Richard Wagner

Metflix: Popcorn, Raisinettes, and Grand Opera: Wagner’s Rheingold – HD opera from the Palau de les Arts Reina Sofía, Valencia

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The Rhine Maidens and their Spawn
The Rhine Maidens and their Spawn. Click on image for gallery.

Three aquatic maidens, whose squirt-gun breasts hose down a lurking sexual predator, are hoisted above the stage in glass tanks. Behind them, a giant, digitally projected image of a golden human embryo glows and begins to fill the stage with light. As the radiance beams forth the aquaria illuminate, and then, in a bizarre synchronized moment, the three nymphs ovulate, issuing roe-like guppies; the load descends from Tyvek-wrapped dispensers strapped about their hips to the bottom of the tanks. Their progeny are tennis ball-sized: glassy pods with tiny replicas of the giant prenatal idol that looms above. So begins Wagner’s Rheingold, the prelude to his Ring, in one of the most extravagant, really outré, productions ever staged.

My space odyssey is rudely interrupted by a crunching sound and the redolence of buttered popcorn. Wagner would undoubtedly be upset with the woman munching in the next aisle. I suppose I won’t see her at Bayreuth next year. Back to the birthing.

The Kubrick-like embryo now reappears, and when dwarf Alberich utters his terrible curse, the image begins to morph into a mouldering crumble of ashen clay. More crunching noises, some buttery whiffs, and any salacious fantasies one might have had about moist nymphs are dashed. Some popcorn would be great about now—after all, I’m really not at Bayreuth, nor at the Met, but at the Spectrum 8 Cinema in Albany, New York. Those fish-fems, whose spawning we’ve witnessed, are the Rhine Maidens at the start of Wagner’s epic Der Ring des Nibelungen. Their offspring, as it turns out, form the Rhinegold, the priceless hoard that is stolen by Alberich. His craven act and renunciation of love unleash events that topple gods, morality, fate, and all socially-bound conventions. Wagner’s recondite symbolism is tough enough without our having to ponder those golden human fetuses: material guys ’n gals? Aryans? Later, we learn that the eggs are “processed” in a massive underground Rube Goldberg contraption that serves up the finished booty: guys in golden leotards. The Rhine Maidens, useless post partum, are wrapped up like kippers in fish nets and hauled off, ready to whine about their tragic loss.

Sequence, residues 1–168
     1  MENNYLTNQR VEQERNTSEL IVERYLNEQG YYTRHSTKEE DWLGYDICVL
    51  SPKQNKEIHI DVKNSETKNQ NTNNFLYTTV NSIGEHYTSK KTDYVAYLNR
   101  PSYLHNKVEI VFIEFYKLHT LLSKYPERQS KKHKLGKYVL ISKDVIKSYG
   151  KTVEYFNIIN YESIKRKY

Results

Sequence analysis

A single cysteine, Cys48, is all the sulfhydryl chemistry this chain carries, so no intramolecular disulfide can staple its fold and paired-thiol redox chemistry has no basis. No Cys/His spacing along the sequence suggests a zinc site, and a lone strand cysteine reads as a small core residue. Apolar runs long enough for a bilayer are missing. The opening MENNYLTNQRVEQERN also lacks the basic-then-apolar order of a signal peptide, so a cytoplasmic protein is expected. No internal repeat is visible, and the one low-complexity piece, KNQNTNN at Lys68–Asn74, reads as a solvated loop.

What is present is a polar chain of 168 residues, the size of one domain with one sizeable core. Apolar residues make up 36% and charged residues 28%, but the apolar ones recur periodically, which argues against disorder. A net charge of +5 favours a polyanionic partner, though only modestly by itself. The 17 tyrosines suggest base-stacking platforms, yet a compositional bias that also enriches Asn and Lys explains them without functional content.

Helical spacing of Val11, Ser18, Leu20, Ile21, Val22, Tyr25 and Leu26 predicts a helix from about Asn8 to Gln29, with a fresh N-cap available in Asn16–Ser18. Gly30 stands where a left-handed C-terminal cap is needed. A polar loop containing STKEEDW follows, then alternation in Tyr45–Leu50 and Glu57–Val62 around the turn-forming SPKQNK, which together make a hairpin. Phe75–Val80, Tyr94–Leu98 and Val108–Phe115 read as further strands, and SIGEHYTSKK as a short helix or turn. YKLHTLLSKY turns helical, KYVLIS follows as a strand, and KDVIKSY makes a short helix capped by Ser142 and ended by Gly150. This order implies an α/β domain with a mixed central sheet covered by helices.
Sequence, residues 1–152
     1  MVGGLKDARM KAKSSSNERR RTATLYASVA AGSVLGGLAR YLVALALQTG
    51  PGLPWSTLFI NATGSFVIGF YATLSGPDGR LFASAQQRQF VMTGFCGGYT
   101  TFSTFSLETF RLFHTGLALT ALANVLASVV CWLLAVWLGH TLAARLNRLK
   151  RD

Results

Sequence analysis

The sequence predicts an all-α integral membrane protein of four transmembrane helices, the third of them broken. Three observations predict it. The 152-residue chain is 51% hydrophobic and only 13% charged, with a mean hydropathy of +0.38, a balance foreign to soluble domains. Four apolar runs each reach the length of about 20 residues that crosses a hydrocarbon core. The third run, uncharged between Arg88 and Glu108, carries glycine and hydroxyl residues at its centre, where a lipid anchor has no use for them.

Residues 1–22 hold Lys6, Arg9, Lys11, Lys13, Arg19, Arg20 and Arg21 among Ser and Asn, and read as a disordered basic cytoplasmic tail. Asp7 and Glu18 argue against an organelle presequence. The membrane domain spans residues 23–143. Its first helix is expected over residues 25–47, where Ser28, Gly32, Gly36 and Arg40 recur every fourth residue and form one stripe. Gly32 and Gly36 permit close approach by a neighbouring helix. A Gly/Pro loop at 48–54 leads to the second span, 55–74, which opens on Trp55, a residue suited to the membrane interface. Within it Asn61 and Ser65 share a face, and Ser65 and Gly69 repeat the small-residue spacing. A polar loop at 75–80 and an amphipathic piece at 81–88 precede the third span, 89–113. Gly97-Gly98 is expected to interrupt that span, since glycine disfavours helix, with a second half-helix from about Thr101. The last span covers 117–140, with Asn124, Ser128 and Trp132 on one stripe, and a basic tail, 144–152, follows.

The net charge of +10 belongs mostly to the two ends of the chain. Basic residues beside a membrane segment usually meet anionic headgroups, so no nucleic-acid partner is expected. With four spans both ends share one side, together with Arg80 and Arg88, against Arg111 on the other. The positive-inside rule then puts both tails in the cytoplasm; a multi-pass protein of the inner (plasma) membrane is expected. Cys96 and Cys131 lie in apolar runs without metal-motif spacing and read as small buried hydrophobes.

To quote Anne Russell’s famous line, “I’m not making this up, you know!”

Here, on Delaware Avenue, at the Spectrum 8 Theater, I have experienced the latest brand of Gesamtkunstwerk: an immersion in Wagner’s music, poetry, drama, with a healthy blast of 21st-century stage effects, in the cozy ambience of a local movie theater. This HD production was part of a serialized Ring broadcast from the wondrously futuristic Palau de les Arts in Valencia, Spain. The production features the avant-garde antics of La Fura dels Baus, a Catalan theater company, termed, appropriately, “cutting edge.” Their website ( is as disconcerting and provocative as their mixture of echt Industrial art, Cirque du Soleil athleticism, and the haunting déjà vu of the Heaven’s Gate futurists. The Valencia Ring is the latest manifestation of Regietheater, the at times disorienting European indulgence in recreating opera along lines the composers could hardly imagine, or perhaps approve.

The music didn’t seem to matter. Nor did the orchestra (Orquestra de la Comunitat Valenciana), the conductor (Zubin Mehta), or the singers (Juha Uusitalo, Matti Salminen, Stephen Milling, Sabine von Walther, John Daszak, and Franz-Josef Kapellmann). This Rheingold was about torsos, gods on forklifts, giants in robotic body suits, futuristic digital backdrops, bungees, and a crew of contortionists that effectively distract any effect of the music or its performance. In fact, Mehta’s tempi were purposely ponderous to synchronize his musicians with the labored effects on stage. At Rheingold’s end, with the magnificent “Entrance of the gods to Valhalla,” the circus ring came, um, full circle: Valhalla, portrayed by a suspended net of acrobats that sucked the singers up in its web.